If you are considering renovating, the idea of what happens with the lights and power during that process has either not yet crossed your mind, or perhaps seems a little overwhelming as you realize it is more than just choosing the perfect light fittings!

In this blog, we will look at the various stages of an electrical installation and the relationship between yourself and your electrical contractor throughout your renovation. When you renovate a house, it’s all about the PLANNING! Getting advice from a professional electrical contractor on the best way to incorporate your ideas with the wiring necessities BEFORE you renovate is paramount to the success of the end result.

As a newbie to the renovation scene myself, the two most important tips I have been given so far from other renovators, the electricians I work with and the internet are:

  1. Involve your electrical contractor early in the planning stage. You need to know if your vision will work before you knock down walls, right?
  2. You don’t need to use your builder’s electrician. This could actually save you money as the cost is not being marked up by the builder using his own subcontractors.

You have important electrical renovation decisions to make, so in order to ensure a good plan for your home’s electrical design and functionality, the following are other important factors to consider:

  • Make a list of all your electrical appliances and where they will be located so that you will be ready when the electrician meets with you to plan your layout
  • Consider your switches and power points. Will you need extra? Where do you want them? What colours/styles etc.? Your electrician can advise on the best placement once you have decided on how many you need, especially for wet areas.
  • Consider your lighting plan – the number of lights you want, e.g. wall lights to highlight paintings, under bench lighting in your kitchen, outdoor security lights etc.
  • Which lights do you want to keep and reuse?
  • Ask your electrician about green energy lighting.
  • The electrician can supply the general lights, but you should choose decorative or display lighting. Research light fittings so you don’t buy in a panic and are happy with your purchase.
  • Buy good quality light fittings… ask your electrician for advice!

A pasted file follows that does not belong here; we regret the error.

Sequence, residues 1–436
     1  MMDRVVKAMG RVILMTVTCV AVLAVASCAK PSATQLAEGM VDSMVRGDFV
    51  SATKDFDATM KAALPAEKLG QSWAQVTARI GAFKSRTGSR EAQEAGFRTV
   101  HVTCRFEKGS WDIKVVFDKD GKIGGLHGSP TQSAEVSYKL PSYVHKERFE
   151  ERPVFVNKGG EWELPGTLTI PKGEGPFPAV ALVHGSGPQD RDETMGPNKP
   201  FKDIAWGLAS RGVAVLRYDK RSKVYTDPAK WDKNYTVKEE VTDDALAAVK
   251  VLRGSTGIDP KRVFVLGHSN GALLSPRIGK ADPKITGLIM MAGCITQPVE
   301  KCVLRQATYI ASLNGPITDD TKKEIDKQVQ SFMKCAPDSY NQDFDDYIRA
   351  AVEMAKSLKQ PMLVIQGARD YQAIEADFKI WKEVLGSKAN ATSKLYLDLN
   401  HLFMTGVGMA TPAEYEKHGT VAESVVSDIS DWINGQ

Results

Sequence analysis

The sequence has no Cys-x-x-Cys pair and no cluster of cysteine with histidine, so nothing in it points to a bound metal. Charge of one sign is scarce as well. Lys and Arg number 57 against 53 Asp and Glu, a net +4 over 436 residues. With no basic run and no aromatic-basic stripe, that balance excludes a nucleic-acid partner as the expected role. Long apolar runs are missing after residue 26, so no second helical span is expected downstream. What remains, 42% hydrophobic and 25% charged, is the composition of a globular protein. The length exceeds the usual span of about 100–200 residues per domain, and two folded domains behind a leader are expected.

• Make sure you give the electrician plenty of notice for when the builder or other trades are moving things to allow access for rewiring, e.g. when the roof is removed is a critical time for wiring to be installed.
  • Decide if you want to include home automation in your renovation, e.g. lighting, alarms, blinds
  • Plan your computer usage and how you will want each computer to be networked and the position of the main router and server.

Now the planning is done, the materials have been ordered and you have a start date that works for everyone. What happens next? Rough in. To rough- in means to lay the electrical wiring through the studs and into the boxes, without making the final connections, so light switches, outlets, etc. would not be attached. At this stage walls, ceilings, etc. are not up. However a building rough-in is not the same as a creative rough layout or draft. The latter implies that changes are expected, whereas a building rough-in assumes that all of the work is done to specification and that no changes will be made, aside from minor ones.

If you haven’t consulted your electrical contractor prior to rough-in, then be prepared for lots of questions.
With so much going on during a renovation it is important to be organized and follow the progress closely to avoid any irreversible surprises. You really want to look for an electrical contractor that will be able to minimize your stress!

As with any tradesman, you will want someone who shows up on time, is well presented, professional and carries out your job with care and skill. A little innovation and use of quality systems wouldn’t go astray either! In the next issue, part two will look at the fitting off and the testing of your electrical installations.